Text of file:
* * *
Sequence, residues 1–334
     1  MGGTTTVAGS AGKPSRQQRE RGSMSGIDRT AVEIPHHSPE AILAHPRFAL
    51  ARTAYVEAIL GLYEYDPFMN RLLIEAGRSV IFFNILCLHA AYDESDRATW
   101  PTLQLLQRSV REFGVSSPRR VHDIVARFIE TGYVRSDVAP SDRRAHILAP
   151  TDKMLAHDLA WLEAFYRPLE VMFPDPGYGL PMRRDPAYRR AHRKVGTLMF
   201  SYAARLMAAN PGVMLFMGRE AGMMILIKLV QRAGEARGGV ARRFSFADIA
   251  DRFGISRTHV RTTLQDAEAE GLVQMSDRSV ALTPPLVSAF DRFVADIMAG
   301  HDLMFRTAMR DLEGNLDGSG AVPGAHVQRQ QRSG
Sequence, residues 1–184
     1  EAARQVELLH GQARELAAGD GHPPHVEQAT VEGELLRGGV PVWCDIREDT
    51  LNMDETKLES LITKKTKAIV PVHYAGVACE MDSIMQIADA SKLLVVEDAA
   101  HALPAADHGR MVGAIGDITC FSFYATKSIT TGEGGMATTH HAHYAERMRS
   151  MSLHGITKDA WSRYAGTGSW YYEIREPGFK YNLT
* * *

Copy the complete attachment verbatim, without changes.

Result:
Sequence, residues 1–334
     1  MGGTTTVAGS AGKPSRQQRE RGSMSGIDRT AVEIPHHSPE AILAHPRFAL
    51  ARTAYVEAIL GLYEYDPFMN RLLIEAGRSV IFFNILCLHA AYDESDRATW
   101  PTLQLLQRSV REFGVSSPRR VHDIVARFIE TGYVRSDVAP SDRRAHILAP
   151  TDKMLAHDLA WLEAFYRPLE VMFPDPGYGL PMRRDPAYRR AHRKVGTLMF
   201  SYAARLMAAN PGVMLFMGRE AGMMILIKLV QRAGEARGGV ARRFSFADIA
   251  DRFGISRTHV RTTLQDAEAE GLVQMSDRSV ALTPPLVSAF DRFVADIMAG
   301  HDLMFRTAMR DLEGNLDGSG AVPGAHVQRQ QRSG
Sequence, residues 1–184
     1  EAARQVELLH GQARELAAGD GHPPHVEQAT VEGELLRGGV PVWCDIREDT
    51  LNMDETKLES LITKKTKAIV PVHYAGVACE MDSIMQIADA SKLLVVEDAA
   101  HALPAADHGR MVGAIGDITC FSFYATKSIT TGEGGMATTH HAHYAERMRS
   151  MSLHGITKDA WSRYAGTGSW YYEIREPGFK YNLT